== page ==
This recipe was originally featured in The 30 Second Wine Advisor's FoodLetter on Thursday, Dec. 9, 2004.|
Adriatic-style seafood and pasta INGREDIENTS: (Serves two)
4-6 ounces (120-180g) farfalle or other pasta of your choice
1. Put a large saucepan full of salted water on high heat, and while it's coming to a boil, start the sauce. Peel and chop the onion, peel and mince the garlic, cut the tomatoes into rough chunks, and measure out the other ingredients. I saved time by using peeled cooked shrimp, but if you're starting with raw shrimp in the shell, simmer or steam them until just barely cooked through, then peel when they're cool enough to handle. Rinse the scallops and pat them dry with paper towels or a dish towel.
2. Sautee the onions and garlic in the olive oil over medium heat until they turn translucent and start to soften; don't let them brown. Add the tomatoes with their liquid and the broth, bring to a boil and simmer for 10 or 15 minutes, just long enough to soften the ingredients and blend their flavors.
3. When the pasta water comes to a rolling boil, put in the pasta of your choice and cook until al dente, per package directions and your own observations. While the pasta is cooking, use a standup or stick blender to "buzz" the sauce to a smooth puree.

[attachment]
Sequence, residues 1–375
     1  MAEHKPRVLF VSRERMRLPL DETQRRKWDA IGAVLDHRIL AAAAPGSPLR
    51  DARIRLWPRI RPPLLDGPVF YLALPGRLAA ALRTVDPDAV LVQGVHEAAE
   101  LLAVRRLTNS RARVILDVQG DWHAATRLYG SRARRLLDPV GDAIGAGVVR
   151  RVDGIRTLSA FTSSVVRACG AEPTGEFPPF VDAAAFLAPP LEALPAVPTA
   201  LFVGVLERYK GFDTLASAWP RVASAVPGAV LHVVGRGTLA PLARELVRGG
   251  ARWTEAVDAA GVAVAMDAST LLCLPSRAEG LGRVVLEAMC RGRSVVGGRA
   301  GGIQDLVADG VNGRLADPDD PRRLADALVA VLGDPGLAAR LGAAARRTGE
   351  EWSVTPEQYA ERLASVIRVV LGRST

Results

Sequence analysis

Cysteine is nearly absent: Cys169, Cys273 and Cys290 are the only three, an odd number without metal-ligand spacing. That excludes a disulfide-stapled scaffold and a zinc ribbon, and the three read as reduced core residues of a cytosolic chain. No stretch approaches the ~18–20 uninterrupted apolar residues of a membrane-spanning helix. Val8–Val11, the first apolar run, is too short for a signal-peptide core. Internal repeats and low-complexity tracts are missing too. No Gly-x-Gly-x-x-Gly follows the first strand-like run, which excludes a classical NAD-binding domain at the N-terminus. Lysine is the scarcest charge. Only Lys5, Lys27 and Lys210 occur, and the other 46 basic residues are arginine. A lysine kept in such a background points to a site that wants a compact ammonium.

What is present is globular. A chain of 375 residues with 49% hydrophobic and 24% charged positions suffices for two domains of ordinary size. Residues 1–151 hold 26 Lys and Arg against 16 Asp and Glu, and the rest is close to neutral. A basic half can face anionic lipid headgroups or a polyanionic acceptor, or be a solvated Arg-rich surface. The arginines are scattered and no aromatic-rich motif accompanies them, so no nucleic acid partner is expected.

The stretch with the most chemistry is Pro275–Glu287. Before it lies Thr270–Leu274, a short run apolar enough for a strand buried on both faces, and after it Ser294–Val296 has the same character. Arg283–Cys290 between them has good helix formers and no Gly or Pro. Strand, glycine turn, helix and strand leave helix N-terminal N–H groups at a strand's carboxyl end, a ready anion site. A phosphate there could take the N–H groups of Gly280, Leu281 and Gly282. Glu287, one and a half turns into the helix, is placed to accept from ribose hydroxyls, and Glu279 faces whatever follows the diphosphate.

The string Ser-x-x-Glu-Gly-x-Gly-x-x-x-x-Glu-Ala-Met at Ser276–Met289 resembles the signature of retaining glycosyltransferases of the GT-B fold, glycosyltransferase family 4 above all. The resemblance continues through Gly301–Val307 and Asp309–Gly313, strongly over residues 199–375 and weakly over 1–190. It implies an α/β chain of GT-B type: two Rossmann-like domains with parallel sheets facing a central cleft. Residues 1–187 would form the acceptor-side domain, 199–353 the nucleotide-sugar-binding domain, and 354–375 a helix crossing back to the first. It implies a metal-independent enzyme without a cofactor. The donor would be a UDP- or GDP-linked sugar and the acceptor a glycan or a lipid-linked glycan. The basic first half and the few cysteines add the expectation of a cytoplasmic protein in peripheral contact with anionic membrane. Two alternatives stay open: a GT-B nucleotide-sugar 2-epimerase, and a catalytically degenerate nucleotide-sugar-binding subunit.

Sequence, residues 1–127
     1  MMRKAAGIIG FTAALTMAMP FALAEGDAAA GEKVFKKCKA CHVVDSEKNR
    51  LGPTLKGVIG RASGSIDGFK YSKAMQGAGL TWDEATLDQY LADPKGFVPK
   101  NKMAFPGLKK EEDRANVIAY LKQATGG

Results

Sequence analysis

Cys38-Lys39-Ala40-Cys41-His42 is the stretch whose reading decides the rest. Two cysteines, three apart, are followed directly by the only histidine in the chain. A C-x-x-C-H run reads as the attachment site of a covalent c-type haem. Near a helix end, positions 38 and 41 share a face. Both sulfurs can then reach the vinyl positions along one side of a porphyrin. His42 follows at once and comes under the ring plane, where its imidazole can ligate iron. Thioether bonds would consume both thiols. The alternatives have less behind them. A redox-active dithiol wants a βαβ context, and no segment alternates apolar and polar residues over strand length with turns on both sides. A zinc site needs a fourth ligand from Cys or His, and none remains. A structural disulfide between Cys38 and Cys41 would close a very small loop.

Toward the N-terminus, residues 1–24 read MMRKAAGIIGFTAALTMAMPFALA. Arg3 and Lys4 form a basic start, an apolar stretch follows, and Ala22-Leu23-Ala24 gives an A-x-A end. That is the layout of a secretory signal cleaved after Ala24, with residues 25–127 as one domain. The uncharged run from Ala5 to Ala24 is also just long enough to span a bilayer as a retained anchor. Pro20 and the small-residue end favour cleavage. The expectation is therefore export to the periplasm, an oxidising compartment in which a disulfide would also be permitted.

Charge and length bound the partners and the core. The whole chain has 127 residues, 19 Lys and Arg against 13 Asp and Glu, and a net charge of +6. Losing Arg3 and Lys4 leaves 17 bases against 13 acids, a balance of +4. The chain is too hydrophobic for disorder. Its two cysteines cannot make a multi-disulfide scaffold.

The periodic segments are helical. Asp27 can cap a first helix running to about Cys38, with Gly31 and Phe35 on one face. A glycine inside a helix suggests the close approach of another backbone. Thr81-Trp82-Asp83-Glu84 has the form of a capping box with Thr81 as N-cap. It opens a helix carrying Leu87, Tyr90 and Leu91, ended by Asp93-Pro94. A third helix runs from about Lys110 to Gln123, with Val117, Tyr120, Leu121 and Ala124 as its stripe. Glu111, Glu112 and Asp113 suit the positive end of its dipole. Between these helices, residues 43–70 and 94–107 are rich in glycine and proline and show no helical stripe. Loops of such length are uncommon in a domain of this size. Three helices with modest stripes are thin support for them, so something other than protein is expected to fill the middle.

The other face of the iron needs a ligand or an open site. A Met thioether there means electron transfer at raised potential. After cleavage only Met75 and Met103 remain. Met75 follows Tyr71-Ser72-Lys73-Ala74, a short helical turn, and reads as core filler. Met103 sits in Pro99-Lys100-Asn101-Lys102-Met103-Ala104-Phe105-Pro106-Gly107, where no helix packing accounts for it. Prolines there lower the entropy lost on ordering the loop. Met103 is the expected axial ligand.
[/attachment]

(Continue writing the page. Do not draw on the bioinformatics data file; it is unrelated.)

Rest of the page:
4. When the pasta is within 3 or 4 minutes of being done, melt the butter over medium-high heat in another sautee pan or saucepan; put in the ginger "coin" and cook it briefly to release its aromatics. Dry the scallops and put them in, searing them quickly, no more than 1 minute or so if they are very small. Remove and discard the ginger; add the tomato sauce and the shrimp, reduce heat to low, and simmer for another minute or two, stirring gently, taking care not to overcook the shellfish. Add the lemon juice, saffron and basil, taste for seasoning and add salt and pepper if needed, and serve it over the hot, drained pasta.
MATCHING WINE: This combination of flavors worked very well indeed with the bold, citric-tart flavors of a fresh young New Zealand white, Allan Scott 2004 Marlborough Sauvignon Blanc. Just about any dry Sauvignon Blanc would be good, or if you prefer something Italian, go with a dry, aromatic alternative - a Tocai Friulano from northeastern Italy or a quality Soave would be regionally appropriate.